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View Full Version : Best to model with fewest "pieces?"



Johnny
05-12-2004, 02:55 PM
Is it best to model things using as much contiguous geometry as possible?

For example, a building..just a big cube, but a few knife cuts and bevels later you can have doors and windows and cornices, etc..apply different surfaces to each.

Will such an object render more quickly than a building with holes cut into for windows, windowframes made with glass, separate pieces for molding, etc. Is it worth the time saved to strive for this kind of one-piece modeling?

If so, is this universally true for modeling?

thanks!

Johnny

jin choung
05-12-2004, 07:43 PM
a very good, essential question.

most of the time, it is irrelevant but generally, i try to keep things together when it makes sense to. i keep things apart if it makes no visual difference and will save me polys.

the number of unconnected pieces make no difference. but POLYS do.

sometimes, you will want you join things because instead of a sharp termination at the join, you want a molded, flowing join to show a weld, solder, glue, what have you.

at other times, you can save polys by NOT trying to bevel something out from an existing surface but just create a separate piece and just 'sticking it in' a FLAT PLANE (a single quad) with no connection whatsoever.

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re-articulation of 'the rules':

1. model only what will be visually apparent (carefully considering all possible purposes that you intend to use it for)

2. economy is essential - modeling things or taking pains on things that will never ever be seen is a complete and total waste not only of your time but of the renderer's.

if you boolean a hole in a quad, you automatically create extra geometry. if it's not visually worth it to do that for the sake of 'joining' attachment parts, you are violating rule 2 but not gaining an inch on rule 1-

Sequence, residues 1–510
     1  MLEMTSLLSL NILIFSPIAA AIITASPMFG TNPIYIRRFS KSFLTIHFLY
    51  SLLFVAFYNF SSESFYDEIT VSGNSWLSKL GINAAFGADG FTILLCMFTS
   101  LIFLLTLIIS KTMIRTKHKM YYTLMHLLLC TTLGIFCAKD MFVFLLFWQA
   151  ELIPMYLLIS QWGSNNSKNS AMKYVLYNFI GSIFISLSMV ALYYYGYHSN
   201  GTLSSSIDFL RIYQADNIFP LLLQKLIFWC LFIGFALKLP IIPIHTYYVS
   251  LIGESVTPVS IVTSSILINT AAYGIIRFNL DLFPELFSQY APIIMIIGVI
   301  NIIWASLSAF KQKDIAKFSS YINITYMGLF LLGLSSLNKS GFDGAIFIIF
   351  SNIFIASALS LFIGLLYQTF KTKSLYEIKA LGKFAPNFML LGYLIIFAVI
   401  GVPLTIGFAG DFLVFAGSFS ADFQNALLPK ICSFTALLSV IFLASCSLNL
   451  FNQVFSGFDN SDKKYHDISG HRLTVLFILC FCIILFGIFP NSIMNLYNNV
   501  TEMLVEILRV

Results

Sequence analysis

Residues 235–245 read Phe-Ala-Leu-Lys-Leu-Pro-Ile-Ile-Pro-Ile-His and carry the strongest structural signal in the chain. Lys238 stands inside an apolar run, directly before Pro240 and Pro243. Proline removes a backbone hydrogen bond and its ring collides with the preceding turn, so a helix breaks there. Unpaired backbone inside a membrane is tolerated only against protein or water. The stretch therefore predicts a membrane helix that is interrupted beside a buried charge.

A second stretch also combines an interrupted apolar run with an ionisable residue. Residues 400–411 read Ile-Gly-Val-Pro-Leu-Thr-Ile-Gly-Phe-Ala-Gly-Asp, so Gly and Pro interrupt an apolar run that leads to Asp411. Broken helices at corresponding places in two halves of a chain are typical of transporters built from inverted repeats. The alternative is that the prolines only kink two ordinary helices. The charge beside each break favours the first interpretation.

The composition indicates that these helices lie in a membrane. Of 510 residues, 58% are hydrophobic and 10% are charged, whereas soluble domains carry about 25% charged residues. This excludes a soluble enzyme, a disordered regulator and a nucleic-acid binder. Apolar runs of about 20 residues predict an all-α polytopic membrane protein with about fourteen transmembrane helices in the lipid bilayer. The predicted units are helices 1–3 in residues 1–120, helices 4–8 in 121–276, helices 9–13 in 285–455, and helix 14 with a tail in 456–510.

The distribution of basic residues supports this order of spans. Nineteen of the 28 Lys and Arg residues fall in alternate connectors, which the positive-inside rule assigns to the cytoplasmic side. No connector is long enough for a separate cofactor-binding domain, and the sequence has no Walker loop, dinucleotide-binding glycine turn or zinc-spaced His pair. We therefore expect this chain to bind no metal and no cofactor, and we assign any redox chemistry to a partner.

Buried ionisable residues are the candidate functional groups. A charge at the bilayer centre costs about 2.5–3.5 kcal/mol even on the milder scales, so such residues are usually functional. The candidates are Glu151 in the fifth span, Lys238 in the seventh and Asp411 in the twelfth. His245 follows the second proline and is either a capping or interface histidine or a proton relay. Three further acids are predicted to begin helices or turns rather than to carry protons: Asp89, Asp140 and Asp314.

just keep the quad a simple, untouched quad and slap on the part.
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your question borders on the concept of SOLIDS, which is geomtry type and methodology that is somewhat different from what poly modelers and nurbs modelers are (SURFACE modelers).

solids are shapes that must ENCLOSE A VOLUME and be 'watertight'. you work with these primarily by using boolean operations.... and i believe that the primary advantage is that such models accurately reflect how things are in real life and therefore are readily MANUFACTURABLE. (most if not all computer assisted manufacturing REQUIRES that all pieces be watertight solids).

another advantage is that solids have certain cool operations that they tend to do well like 'shelling' (taking a solid and then hollowing it it out so that it is a model that is a shell of a determined thickness.

you will never see free floating 'paper thin' polys or sides floating around a solids modeler.

but to my knowledge, most solid modelers are for manufacturing applications and are not widespread in entertainment/media.

also, sometimes, there are constraints determined by an application (such as a renderer [i'm thinking of game engines]) where consideration must be made to keep models, rooms, etc. as solids and as 'single, volume enclosing pieces'.

you don't use 'solid modelers' to generate such assets but they must be continuous volume enclosing models.

but if you are modeling strictly for a render, the original 2 rules apply.

jin